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RANDOM ANIMATED GIF:  I love this animated gif so, so much, but I don’t want to know anything about it.  Did you see that last Coen Brothers movie, A SERIOUS MAN?  I think they made the point in that movie that applies equally to this animated-gif:  sometimes, you just have to embrace the mystery.

15 Responses to “ Abhay Did Capsule Reviews in April 2010 ”

  1. Any of them from comics?

    Every wall and tall building I have ever seen, True Believer.

    //\oo/\\

  2. NEMESIS #1 is awful, but at the same time, I find myself attracted to its retarded verve and refreshing one-dimensionality. People say it’s childish and immature, and it is indeed dirt-dumb, but, y’know…isn’t the superhero genre fundamentally stupid? Or is that no longer the case, post-Watchmen?

    Also: you like Sasquatch Gang?!? Me too!

  3. Easy, Black Blizzard is manga, while L’Autoroute du Soleil is just a french comic.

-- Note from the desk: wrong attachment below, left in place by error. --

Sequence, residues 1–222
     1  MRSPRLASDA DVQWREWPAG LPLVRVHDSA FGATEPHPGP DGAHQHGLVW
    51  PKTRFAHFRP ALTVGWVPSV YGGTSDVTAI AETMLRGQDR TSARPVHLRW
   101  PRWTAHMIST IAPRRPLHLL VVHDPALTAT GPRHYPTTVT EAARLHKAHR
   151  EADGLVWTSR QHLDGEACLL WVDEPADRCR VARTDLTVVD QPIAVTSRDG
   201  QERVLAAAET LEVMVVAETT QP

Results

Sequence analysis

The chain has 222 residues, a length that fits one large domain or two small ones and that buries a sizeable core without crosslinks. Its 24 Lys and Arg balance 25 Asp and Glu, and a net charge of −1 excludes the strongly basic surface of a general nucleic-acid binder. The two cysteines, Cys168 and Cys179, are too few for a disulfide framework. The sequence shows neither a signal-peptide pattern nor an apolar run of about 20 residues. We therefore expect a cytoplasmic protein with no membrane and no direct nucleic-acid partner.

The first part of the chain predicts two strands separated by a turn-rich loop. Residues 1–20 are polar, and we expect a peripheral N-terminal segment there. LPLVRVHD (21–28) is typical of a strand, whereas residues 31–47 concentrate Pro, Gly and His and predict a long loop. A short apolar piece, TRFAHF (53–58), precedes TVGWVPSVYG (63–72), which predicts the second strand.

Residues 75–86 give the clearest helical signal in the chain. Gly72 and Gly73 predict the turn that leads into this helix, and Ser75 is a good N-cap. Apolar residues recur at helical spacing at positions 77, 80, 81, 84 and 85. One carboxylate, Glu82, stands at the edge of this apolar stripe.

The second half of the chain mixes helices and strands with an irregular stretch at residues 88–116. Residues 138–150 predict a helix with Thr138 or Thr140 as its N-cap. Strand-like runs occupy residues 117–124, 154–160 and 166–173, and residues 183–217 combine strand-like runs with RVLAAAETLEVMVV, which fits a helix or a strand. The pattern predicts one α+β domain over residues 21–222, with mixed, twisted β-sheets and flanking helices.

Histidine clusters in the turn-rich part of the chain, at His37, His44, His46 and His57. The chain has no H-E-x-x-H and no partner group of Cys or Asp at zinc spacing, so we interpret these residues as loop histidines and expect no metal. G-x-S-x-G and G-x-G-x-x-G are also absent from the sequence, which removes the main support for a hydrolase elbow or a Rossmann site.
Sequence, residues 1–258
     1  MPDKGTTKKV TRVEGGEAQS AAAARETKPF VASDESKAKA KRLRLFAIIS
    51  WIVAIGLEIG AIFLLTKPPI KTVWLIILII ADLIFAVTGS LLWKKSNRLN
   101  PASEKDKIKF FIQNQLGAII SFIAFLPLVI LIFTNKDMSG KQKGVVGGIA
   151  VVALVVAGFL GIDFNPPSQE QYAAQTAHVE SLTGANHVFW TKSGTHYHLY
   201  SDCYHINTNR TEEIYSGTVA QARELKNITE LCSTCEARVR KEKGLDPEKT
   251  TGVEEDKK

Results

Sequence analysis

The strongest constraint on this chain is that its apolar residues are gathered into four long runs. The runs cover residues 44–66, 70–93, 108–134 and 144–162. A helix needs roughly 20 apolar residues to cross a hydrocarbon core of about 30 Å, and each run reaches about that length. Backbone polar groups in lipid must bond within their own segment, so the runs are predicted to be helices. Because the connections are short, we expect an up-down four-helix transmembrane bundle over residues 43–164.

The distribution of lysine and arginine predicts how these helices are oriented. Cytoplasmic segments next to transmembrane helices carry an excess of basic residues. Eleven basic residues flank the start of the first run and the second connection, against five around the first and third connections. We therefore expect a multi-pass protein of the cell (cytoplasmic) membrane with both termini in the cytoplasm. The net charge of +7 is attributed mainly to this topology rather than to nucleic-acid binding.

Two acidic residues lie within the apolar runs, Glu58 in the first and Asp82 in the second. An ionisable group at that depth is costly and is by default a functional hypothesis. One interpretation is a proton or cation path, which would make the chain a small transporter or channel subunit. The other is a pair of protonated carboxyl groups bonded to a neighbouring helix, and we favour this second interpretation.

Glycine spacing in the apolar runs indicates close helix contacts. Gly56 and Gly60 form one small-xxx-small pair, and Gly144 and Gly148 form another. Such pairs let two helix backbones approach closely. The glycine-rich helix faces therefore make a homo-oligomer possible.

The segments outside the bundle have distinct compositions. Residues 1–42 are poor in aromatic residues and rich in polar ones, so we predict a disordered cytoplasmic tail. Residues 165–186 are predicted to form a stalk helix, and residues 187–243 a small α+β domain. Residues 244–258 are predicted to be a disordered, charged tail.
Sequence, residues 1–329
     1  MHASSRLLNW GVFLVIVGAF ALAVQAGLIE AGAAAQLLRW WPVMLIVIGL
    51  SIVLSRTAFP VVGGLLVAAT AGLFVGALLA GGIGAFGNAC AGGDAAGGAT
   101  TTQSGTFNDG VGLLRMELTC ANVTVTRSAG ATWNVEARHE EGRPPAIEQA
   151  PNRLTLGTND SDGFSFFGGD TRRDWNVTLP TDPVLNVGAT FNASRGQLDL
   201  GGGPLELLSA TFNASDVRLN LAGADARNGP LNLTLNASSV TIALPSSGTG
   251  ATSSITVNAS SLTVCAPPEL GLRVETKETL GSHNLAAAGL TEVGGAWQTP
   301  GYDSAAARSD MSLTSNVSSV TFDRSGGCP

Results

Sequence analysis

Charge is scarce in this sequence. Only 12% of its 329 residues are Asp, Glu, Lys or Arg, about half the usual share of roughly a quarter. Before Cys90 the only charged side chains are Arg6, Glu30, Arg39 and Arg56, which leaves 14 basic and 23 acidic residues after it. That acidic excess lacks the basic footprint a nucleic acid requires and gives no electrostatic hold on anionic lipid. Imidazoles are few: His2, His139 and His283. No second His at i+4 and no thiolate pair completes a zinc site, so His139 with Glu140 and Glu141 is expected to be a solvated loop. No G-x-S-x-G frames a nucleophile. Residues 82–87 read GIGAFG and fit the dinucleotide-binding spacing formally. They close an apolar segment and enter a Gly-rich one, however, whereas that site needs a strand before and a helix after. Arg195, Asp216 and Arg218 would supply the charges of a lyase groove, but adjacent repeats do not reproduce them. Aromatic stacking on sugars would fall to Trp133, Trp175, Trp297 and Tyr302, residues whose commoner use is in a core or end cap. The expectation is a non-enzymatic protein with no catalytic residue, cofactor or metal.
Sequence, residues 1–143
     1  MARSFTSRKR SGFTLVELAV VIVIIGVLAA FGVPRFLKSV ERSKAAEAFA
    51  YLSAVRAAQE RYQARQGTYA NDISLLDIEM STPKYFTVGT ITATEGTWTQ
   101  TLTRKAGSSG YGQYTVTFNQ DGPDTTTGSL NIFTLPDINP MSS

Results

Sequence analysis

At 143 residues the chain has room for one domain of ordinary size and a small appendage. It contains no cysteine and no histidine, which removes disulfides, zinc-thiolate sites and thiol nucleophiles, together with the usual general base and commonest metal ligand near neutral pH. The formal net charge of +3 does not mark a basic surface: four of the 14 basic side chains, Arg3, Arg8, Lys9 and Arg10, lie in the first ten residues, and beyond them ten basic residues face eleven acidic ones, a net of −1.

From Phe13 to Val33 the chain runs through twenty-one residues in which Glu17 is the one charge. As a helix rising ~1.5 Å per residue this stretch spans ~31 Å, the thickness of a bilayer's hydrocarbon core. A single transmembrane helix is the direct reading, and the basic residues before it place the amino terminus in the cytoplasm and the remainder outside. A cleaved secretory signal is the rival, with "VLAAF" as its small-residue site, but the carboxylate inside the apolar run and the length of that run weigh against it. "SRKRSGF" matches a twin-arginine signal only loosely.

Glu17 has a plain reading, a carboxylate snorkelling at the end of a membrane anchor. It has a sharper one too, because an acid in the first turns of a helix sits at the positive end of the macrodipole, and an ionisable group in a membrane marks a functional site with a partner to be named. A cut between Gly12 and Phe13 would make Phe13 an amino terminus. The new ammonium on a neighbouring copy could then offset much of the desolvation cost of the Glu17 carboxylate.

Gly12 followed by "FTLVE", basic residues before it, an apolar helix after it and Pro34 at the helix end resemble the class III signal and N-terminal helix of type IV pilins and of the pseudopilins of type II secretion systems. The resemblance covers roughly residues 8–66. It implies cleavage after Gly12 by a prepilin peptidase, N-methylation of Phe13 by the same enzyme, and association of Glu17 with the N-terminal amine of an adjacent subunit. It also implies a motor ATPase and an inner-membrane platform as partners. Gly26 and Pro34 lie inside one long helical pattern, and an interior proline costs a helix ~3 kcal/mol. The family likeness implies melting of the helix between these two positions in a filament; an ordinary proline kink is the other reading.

(Just to be fair, it also has FAR more chances to have a new french-language edition than any EC comic. Sad but true.)

  4. Every time I walk on wet tarmac at night – the way the strip-lights reflect – I am reminded of BACK TO THE FUTURE’s carpark time travel sequence. I don’t know why. Maybe it’s a result of having seen that film close to a trillion times.

    I am hella enjoying FRANKENCASTLE, but at what point is a character no longer that character? Like, a Frankenstein monster hunting monster-hunters – that’s not The Punisher, is it? This isn’t a Punisher story. I understand that launching a new series with a new character who hunts monster-hunters would be commercial suicide, but… I feel slightly worried that they’re saying Punisher is creatively bankrupt and that the only way to make him succeed is change it so wildly. How’s this any better than making him black? Or a ghost? And Marvel seem content to just settle on Ennis Was Right as Punisher M.O. (See Aaron’s disappointing run on MAX) so why not go crazy. I’m a little disappointed, but having fun too, so… who’s wrong?

    Also – I’m shocked anybody still reads POWERS.

  5. TALES OF THE GOLD MONKEY was sadly awful. It swiped many things I like enormously, and did a terribly, wooden, tone-deaf job with them. It even cast Roddy MacDowall and still wasn’t any good.

    Its main claim to any standing whatsoever was that it gave Disney’s TALESPIN something to swipe — and do a better job of.

    Someday someone will do a good Caniff-based TV show, but GOLD MONKEY isn’t it.